It is not surprising that our story began with a single meeting and a conversation over food. We met for the very first time to celebrate Black history month in February of 2020 and since then, it has grown to be more than just a meeting.
An adage that best describes why and how we came about is “ when you come up with an idea, it’s because there is already a need for it.” This stands true to the origin of ABTN. The health inequalities experienced by Black Canadians have long been researched extensively and these include black Canadians being twice as likely to be mis-diagnosed,and have two times the delay in accessing psychological support. In addition to the inequalities of Mental Health, clinicians often expressed that they feel as though they were the “only” black therapist within their organizations, hence missing their tribe; a space where they can connect and work with other black professionals.
The clinicians who seldom serve black clients echoed that their clients either intentionally sought them or they expressed a sigh of relief when they finally met them due to being misunderstood in the past by clinicians who could not understand their experiences especially when those experiences involved racism and/or racial trauma.
As founders of ATBN, we are all resilient immigrants who came from countries that did not treat mental health as a societal problem, but an individual shameful one that was at the back burner of their agenda. Therefore, it is crucial that participants of our services see practitioners who look like them, those whom they can trust to understand and connect with them.
Cognizant of these challenges to mental health, the ABTN was formed. The organization began as a network of Therapists from various interdisciplinary backgrounds working in both mental health and addictions.
ABTN understands that it will take and understanding of radicalized trauma and an anti black racism, anti-oppressive and systematic changes to improve the mental wellbeing for Black Canadians. At ABTN we understand that the stigma around mental health conditions is still pervasive in our society. For many Black communities, discussing mental health can be a difficult subject.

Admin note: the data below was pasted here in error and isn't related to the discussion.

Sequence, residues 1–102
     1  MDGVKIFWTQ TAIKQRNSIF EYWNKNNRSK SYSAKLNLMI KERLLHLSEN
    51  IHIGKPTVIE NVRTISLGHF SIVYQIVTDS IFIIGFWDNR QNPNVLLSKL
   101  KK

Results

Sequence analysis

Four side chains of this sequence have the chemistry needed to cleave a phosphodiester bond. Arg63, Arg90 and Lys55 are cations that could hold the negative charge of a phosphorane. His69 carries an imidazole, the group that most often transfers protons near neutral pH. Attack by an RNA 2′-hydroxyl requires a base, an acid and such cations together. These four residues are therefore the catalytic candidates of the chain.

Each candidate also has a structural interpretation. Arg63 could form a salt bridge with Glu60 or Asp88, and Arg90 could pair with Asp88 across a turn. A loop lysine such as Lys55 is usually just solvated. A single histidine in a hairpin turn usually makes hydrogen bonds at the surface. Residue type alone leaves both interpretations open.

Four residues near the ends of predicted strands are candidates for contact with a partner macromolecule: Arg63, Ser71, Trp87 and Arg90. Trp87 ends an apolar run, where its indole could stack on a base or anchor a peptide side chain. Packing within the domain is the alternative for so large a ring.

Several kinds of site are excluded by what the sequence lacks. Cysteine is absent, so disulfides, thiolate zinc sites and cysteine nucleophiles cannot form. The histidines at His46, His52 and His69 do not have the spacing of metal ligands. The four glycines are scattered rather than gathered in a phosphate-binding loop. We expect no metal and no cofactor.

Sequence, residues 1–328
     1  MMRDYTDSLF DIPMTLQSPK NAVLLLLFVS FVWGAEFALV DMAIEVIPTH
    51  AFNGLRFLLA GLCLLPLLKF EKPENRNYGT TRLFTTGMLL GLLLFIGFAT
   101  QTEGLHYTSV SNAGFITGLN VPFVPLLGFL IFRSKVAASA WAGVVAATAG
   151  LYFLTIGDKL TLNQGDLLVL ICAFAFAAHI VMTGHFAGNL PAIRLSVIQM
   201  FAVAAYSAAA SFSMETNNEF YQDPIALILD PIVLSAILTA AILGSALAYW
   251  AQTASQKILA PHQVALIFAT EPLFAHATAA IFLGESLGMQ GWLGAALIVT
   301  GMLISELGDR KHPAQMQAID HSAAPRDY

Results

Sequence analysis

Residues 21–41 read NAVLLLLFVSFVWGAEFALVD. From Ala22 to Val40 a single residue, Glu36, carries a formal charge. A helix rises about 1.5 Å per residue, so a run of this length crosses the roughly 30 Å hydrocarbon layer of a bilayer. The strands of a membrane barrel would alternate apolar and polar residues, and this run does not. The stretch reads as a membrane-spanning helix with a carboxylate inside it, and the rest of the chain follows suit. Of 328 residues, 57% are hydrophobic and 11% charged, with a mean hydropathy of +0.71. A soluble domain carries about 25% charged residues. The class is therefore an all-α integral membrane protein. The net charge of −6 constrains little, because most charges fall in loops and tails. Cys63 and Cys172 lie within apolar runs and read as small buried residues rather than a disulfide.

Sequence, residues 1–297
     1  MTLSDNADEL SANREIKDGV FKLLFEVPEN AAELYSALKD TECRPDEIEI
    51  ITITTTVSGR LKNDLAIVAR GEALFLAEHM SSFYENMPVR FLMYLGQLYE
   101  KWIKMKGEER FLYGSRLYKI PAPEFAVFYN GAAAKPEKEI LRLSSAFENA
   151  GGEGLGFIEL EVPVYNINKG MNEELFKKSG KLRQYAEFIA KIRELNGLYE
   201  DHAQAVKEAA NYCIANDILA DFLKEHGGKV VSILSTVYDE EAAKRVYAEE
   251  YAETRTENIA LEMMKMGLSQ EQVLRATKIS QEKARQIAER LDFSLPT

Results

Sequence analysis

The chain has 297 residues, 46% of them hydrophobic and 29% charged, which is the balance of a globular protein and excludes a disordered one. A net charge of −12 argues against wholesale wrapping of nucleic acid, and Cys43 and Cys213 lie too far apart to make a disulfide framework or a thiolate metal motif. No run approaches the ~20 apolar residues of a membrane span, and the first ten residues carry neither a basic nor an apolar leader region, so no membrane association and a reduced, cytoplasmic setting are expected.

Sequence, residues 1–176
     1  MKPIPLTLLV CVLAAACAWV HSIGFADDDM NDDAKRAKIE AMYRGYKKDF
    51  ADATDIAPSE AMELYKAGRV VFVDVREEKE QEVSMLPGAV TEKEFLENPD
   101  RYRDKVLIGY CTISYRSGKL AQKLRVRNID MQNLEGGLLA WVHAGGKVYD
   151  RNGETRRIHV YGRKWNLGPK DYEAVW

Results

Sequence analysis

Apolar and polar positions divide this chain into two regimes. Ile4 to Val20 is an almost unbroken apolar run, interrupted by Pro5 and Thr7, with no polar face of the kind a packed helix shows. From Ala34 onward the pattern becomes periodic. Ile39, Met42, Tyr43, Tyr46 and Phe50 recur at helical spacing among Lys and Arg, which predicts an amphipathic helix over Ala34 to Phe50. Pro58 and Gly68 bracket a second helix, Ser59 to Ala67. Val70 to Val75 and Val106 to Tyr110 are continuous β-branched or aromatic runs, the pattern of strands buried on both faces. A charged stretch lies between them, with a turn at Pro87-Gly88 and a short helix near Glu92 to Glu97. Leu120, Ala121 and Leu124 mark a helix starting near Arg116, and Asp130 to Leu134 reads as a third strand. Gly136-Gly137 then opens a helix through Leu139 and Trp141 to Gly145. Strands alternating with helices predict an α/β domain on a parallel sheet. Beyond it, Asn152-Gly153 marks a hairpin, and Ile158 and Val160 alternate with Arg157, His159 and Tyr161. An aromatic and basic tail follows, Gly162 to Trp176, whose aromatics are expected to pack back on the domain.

We are also aware that black Canadians have been, and continue to be, negatively affected by prejudice and discrimination in the health care system. Conscious or unconscious bias from providers and lack of cultural awareness can result in misdiagnosis, inadequate treatment and mistrust of mental health professionals. These disparities can create a distrust in mental health professionals, which can prevent many from seeking or continuing treatment.
Dr Miriam Sekandi is the CEO of the Break Free Zone Brand. She is a trauma-informed educator, workshop facilitator and healing coach. She supports individuals, families and / or professional groups with addressing ancestral, generational and childhood trauma. Miriam moved from Uganda to Canada in 2006 to pursue graduate Studies at the University of Alberta where she graduated with an MA in Human Ecology (2008) and a PhD in Secondary Education (2018). She is a professional development junkie and lifelong learner. Miriam currently holds the position of President with the ABTN Board.
Sitandekile is a Registered Social Worker with (ACSW) with over 15 years in the non-profit sector working with women and children facing family violence. Prior to migrating to Canada from Zimbabwe in 2001 she worked for the Ministry of Home Affairs and various organizations where she developed a passion to work with families in need. She had a keen interest in working with immigrant women who have experienced abuse as well as cultural based family violence. Sitandekile employs a trauma informed, client centered and culturally sensitive practice to her work. Furthermore, she is a strong advocate for a coordinated and collaborative response to domestic violence, human trafficking and child protection. She holds the position of Vice-President on the ABTN Board.
Teresa Ohawa is the owner and operator of Arion Aire, the first female, black owned HVAC company operating in Edmonton, Alberta. Teresa moved to Canada from Kenya to pursue her education in Business. Before devoting her work fulltime to Arion Aire, Teresa worked as a Jr Accountant. In addition, she volunteers with Women Building Futures(WBF) and Girls Exploring Trades & Technology as a speaker and mentor. She is the Secretary on the ABTN Board.
Admire Dube is an insurance broker in the city of Calgary. He was born in Zimbabwe and attained his Economics degree at Concordia University in Montreal. Admire has a passion to foster economic and financial independence in the black community. He works tirelessly with his clients to ensure they gain financial literacy they need to have a healthy relationship with money. He holds the position of Treasure with the ABTN Board.